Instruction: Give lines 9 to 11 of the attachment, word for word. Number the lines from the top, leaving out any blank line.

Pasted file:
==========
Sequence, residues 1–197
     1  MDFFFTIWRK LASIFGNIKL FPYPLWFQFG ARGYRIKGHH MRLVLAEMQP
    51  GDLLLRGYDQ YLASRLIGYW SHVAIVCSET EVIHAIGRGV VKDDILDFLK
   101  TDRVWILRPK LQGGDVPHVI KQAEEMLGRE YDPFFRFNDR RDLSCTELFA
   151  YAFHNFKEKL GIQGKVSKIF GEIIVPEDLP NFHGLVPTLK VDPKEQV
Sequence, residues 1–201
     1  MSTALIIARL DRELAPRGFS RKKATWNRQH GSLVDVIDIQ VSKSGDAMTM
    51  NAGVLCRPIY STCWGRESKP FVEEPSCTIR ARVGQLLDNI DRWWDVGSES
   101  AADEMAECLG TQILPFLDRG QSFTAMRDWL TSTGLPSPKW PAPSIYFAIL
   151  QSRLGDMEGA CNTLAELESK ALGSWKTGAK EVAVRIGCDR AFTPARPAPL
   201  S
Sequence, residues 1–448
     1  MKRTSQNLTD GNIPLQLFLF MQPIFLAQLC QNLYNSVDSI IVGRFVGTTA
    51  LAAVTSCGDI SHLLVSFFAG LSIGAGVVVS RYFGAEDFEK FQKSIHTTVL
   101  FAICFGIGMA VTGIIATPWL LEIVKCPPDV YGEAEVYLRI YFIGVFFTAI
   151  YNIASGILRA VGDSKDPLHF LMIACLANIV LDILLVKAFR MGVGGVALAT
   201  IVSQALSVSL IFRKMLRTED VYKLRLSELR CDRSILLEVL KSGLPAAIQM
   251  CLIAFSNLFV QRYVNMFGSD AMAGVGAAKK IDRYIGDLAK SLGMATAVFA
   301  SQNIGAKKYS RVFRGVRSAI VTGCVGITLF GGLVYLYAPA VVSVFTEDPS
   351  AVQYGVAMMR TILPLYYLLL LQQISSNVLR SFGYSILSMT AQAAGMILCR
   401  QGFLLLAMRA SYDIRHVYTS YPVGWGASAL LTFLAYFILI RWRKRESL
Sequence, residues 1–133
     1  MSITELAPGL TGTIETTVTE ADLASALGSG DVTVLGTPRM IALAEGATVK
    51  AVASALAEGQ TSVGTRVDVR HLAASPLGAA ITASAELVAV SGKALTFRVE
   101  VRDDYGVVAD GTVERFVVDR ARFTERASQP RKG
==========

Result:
   101  AADEMAECLG TQILPFLDRG QSFTAMRDWL TSTGLPSPKW PAPSIYFAIL
   151  QSRLGDMEGA CNTLAELESK ALGSWKTGAK EVAVRIGCDR AFTPARPAPL
   201  S